Stair-​climbing: a step change in keeping fit

Breakneck steps, Quebec City, c1870

Climbing stairs is pos­sibly the best
and cheapest route to fit­ness ever inven­ted.
It’s even a sport in its own right.
By Jane Taylor

There will be no lie-​in for the England rugby full-​back Ben Foden on Sunday morn­ing. Recent dad and only just back from the Lions Argentina tour, Ben’s the poor inno­cent who has agreed to be the celebrity pace-​setter in the NSPCC’s ‘Gherkin Challenge’ race. Foden says he has never done a stair-​climbing race before. If he thinks any old élite rugby pro can leg it up 1,037 steps just like that, he’s going to know dif­fer­ently by Sunday even­ing. Good luck with that, Ben.

The NSPCC star­ted send­ing people up the City of London’s star build­ing in 2010, after one of their sup­port­ers had spot­ted the idea at a hugely suc­cess­ful fund-​raising run up the Sears Tower in Chicago (2,109 steps). After a low-​key start, the event has been gath­er­ing momentum, so this year the anti-​child cruelty char­ity has expan­ded it into a weekend-​long mid­sum­mer fam­ily fest­ival. Saturday fea­tures a ver­tical fun-​run; on Sunday it’s all about hard-​core com­pet­it­ive stair-​climbing, with cor­por­ate teams pit­ting them­selves against fit­ness fan­at­ics and even élite stair-​climbers who actu­ally do this kind of thing as their sport of choice.

Because, believe it or not, stair-​climbing is an inter­na­tional sport with a full global com­pet­it­ive sched­ule and a tower-​running World Cup cham­pi­on­ship, com­pris­ing 150 events across 25 coun­tries. Michael Reichetzeder, exec­ut­ive dir­ector of the Towerrunning World Council, says their mis­sion is to become an Olympic sport. The uK is unusual, he explains, in hold­ing run-​ups only as char­ity events; else­where they are pure sport­ing fix­tures, attract­ing 65,500 ath­letes world­wide, includ­ing, increas­ingly, pro­fes­sional ath­letes from other dis­cip­lines such as dis­tance run­ning.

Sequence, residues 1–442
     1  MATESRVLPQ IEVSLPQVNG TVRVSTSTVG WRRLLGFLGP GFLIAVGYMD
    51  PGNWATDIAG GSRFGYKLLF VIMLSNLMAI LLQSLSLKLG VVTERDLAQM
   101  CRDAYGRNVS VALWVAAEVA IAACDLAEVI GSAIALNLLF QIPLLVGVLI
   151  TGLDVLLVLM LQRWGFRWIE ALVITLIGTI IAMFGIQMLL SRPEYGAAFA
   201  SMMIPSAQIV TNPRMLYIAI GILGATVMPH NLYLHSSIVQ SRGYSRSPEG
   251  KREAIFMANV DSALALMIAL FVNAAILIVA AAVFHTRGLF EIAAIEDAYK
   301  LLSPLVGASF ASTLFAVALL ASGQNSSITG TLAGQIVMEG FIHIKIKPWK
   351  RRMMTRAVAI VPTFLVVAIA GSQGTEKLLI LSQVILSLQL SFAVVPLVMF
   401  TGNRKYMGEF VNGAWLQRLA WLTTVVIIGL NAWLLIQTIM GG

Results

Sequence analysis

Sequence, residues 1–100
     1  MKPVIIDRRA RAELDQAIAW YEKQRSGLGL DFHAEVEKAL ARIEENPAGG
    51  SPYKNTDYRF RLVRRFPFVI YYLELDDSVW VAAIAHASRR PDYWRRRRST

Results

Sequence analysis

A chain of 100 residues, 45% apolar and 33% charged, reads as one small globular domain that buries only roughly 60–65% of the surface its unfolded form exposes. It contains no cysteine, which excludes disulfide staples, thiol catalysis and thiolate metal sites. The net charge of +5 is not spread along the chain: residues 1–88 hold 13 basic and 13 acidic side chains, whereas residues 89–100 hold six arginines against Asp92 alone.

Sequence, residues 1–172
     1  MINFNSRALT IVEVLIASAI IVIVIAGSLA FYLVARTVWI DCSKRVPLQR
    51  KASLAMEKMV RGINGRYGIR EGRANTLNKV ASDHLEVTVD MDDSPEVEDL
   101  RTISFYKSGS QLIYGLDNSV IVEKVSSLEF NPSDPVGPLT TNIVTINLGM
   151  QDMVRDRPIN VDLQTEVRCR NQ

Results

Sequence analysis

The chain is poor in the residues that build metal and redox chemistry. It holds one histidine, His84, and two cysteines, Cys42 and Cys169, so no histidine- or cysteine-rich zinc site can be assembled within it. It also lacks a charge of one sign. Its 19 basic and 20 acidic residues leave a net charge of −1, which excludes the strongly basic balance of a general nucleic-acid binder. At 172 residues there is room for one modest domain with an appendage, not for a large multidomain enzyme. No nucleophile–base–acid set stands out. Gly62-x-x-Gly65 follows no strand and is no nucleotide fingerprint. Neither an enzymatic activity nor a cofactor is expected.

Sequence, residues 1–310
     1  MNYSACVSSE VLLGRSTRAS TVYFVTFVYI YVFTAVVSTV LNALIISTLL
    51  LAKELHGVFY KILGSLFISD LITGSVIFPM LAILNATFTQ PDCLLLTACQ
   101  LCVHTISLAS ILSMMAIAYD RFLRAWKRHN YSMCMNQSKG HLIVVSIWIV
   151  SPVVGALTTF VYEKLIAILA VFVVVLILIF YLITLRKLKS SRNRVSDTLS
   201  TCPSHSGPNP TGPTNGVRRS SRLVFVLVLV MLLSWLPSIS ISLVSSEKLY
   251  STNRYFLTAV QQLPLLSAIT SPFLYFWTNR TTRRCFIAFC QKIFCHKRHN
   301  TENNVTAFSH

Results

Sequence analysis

Tower-​running is a crazy urban muta­tion of the tra­di­tional hard-​man sport of fell-​running, in which wiry, sol­it­ary fig­ures sprint up and dance down moun­tains in implaus­ibly fast times. The tower-​runners have big­ger thighs and don’t much care for down­hill run­ning – too hard on the knees. But they are most cer­tainly tough.

If the train­ing is some­what soul­less and the fin­an­cial rewards hardly Olympian, the city­scape views from the sum­mits of amaz­ing edi­fices such as the Avaz Twist Tower in Sarajevo (780 steps), the Eureka Tower, Melbourne (1,642) Torre Colpatria (980) in Bogota, or – the toughest of all — Taiwan’s Taipei 101 (2,046 steps), must be some com­pens­a­tion.

Life without steps

1920s car drives down Sydney Town Hall steps, from FlickrHow per­verse it is that this extreme sport is on the rise at a time when the vast major­ity of us make it our busi­ness to avoid stairs at all costs. For dec­ades now, plan­ners and archi­tects have con­spired to remove the effort of ver­tical ascent from our daily lives, repla­cing it with ramps, lifts and the blessed escal­ator.

Dr Frank Eves, reader in life­style phys­ical activ­ity at Birmingham University, has spent his pro­fes­sional career work­ing out how to get us to climb more stairs. In shop­ping malls, where only 5 per cent of us bother with steps, he says, “We put up mes­sages on the way to the lift to tell people of the health bene­fits – heart dis­ease, cal­or­ific expendit­ure — that they could get if they took the stairs. ”